To work to create such a climate in which openness in Biblical Studies is on the agenda - remember the discussion was at SBL - we talked of asking for a new program group on "Openness in Biblical Studies". I was deputed to begin rolling this ball, so if you are interested join in...

[PS after writing the above I attended the CARG business meeting, the "openness" thing is on the list of possible sessions for 2006, I also (before that) had a chat to Kent Harold Richards, so my suggestion is that we wait a week or two til the CARG list is finalised, and only if "openness" is absent we move further in proposing a group... sorry, none of you was around to consult with!]

As I wrote the above I began to reflect more on the sort of summary statement we will need to propose such a group, and I am convinced that:
  • much of this force behind this issue comes from the conjunction of a (historic?) societal move towards openness with the changes how we communicate and what is possible in a digitally mediated environment
  • these questions inevitably arise (at SBL) in the CARG sessions precisely because the drive towards "openness" is founded on digital communications
  • and that for some years (some of us) have been pushing the boundaries of what can accurately called "computer assisted research" to include such more cultural questions
So, the issue is do we go on developing within CARG (despite the name) a session on issues of digital culture and Biblical Studies, or should we (instead of proposing an openness group - however named) propose that like an amoeba CARG split into CARG (focusing on computer assisted research - as the name implies!) and DC a "digital culture and biblical studies" group...

[The above paragraph should be rewritten in the light of the comment above, but what the one below expresses is still my view!}

I wish we'd had the time to work through all this yesterday!

Sunday, November 20, 2005
SBL but jetlagged ::

Well, after close to 24 hours travel, I arrive at Philadelphia for SBL (all the rage among bibliobloggers at present, though whether I am such remains to be seen tomorrow, if not then I must be a mixed-genre blogger or just plain confused ;) and then six hours sleep and a full day of papers, book-buying and meeting people, so far no BBs among them, (Jim West has all the luck, or better eyes than me!) I am too tired and jetlagged to report... please excuse me this assignment will be late!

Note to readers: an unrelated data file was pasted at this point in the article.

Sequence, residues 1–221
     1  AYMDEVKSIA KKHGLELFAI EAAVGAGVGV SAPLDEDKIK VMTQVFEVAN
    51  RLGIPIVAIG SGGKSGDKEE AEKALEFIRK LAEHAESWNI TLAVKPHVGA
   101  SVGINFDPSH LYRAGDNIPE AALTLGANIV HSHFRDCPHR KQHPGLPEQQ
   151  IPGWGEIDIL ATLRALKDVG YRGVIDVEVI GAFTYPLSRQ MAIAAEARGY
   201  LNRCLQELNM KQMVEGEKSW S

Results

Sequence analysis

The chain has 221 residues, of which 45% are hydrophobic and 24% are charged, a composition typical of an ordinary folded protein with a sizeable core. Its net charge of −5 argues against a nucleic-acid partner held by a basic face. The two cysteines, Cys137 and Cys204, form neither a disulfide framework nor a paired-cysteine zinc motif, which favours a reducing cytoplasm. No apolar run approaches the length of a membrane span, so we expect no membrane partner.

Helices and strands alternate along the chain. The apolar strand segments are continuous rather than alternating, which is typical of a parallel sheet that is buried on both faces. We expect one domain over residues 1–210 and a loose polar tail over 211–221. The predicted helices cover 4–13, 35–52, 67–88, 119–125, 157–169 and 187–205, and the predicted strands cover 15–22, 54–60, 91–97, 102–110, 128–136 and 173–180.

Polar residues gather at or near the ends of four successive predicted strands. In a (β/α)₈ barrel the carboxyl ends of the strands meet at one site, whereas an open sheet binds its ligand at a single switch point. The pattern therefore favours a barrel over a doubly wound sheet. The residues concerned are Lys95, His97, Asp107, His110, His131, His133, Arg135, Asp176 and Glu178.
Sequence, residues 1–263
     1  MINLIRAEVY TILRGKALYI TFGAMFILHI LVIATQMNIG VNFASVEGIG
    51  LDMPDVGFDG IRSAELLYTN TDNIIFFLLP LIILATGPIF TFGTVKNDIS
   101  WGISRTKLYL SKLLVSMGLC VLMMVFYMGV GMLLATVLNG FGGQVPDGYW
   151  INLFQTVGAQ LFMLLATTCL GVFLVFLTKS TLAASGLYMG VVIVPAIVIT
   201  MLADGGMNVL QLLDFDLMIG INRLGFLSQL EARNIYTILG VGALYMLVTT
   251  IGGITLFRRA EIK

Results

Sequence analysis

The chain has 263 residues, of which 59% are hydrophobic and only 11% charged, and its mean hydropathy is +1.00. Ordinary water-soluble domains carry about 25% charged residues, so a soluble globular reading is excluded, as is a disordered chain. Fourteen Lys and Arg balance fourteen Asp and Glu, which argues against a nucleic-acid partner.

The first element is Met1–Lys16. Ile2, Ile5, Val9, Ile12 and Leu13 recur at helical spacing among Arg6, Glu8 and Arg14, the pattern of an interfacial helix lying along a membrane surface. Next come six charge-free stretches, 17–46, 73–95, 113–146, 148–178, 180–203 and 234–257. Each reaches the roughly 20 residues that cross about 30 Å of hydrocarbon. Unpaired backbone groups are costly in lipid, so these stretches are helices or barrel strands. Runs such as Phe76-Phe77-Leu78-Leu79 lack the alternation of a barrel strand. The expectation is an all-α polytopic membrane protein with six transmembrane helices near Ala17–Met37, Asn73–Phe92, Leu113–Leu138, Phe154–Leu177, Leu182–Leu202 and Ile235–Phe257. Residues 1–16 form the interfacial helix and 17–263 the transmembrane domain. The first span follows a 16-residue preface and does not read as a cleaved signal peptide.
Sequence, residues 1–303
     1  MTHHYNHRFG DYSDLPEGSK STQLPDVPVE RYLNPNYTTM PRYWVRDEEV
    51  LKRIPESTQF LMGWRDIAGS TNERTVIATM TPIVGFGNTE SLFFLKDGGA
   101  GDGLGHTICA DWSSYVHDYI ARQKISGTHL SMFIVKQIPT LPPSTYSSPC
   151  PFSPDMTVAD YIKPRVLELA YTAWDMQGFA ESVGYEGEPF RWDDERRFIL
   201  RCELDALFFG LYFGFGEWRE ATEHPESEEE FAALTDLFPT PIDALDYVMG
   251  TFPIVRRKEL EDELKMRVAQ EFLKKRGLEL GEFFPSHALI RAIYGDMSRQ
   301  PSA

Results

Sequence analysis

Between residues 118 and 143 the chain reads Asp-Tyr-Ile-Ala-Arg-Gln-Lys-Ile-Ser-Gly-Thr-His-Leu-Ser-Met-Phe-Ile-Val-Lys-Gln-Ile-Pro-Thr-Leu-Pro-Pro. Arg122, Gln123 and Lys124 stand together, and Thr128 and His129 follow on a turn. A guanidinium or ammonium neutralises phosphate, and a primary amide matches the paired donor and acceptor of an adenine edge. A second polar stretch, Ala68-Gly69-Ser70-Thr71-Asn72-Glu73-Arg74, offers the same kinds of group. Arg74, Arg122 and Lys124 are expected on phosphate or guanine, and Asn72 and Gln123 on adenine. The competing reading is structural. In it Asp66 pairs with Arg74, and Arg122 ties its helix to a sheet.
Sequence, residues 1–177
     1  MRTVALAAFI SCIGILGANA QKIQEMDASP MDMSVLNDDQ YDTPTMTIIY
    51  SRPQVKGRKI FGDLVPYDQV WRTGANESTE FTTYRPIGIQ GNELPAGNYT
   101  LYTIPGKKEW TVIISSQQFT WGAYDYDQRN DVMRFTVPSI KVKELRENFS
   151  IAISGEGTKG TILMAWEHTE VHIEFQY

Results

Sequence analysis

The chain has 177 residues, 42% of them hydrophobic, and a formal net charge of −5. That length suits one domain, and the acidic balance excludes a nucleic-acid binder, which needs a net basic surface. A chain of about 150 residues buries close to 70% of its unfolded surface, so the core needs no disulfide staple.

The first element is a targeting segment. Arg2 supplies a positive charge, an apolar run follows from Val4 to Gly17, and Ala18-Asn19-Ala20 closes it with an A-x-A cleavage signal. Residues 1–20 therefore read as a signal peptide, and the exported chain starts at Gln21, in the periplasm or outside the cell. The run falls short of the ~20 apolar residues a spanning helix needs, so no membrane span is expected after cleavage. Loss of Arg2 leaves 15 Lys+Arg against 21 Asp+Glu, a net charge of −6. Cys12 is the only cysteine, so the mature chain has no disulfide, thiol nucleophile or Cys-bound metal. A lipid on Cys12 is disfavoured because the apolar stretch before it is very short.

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Wednesday, November 16, 2005
Character Ethics and Biblical Interpretation ::

Since others have been keeping track of many of the SBL sessions for which papers have been placed online let me add that the papers for the Character Ethics and Biblical Interpretation Group of SBL have been posted, just follow the link.

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Tuesday, November 15, 2005
Blummy, it's Cool Tool for November ::

There's a very new very neat tool with the strange name of Blummy that even though I'm flat out marking I could not resist playing with a little. It calls itself "The bookmarklet management bookmarklet" and it gives you a one or two click link to do almost everything you want with webpages, blog this, it, check its Google page rank, even check a site's uptime or remove its CSS colours... You name it, Blummy probably does it!

It is surely one of the best things since... well since... since... Firefox! (Frankly if you work or play on the web, you need Blummy.)

Small print, the only problem I have found with it is that it does not seem to timeout when trying to collect information, so when Blogger was down my Blummy was too ;( this also means if you get carried away and add too many Blumlets it can be slow... the solution is to have 2 or 3 Blummies on your toolbar... problem (almost) solved.

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TXT: Bible as koine ::

Although produced just across the ditch, I have up to now managed to avoid commenting on the Bible Society in Australia's SMSBible, but a rant on the esteemed if:book just changed that.

This reads like the complaints one regularly hears from people who can't stand change, and continues the snobbery of the highbrow: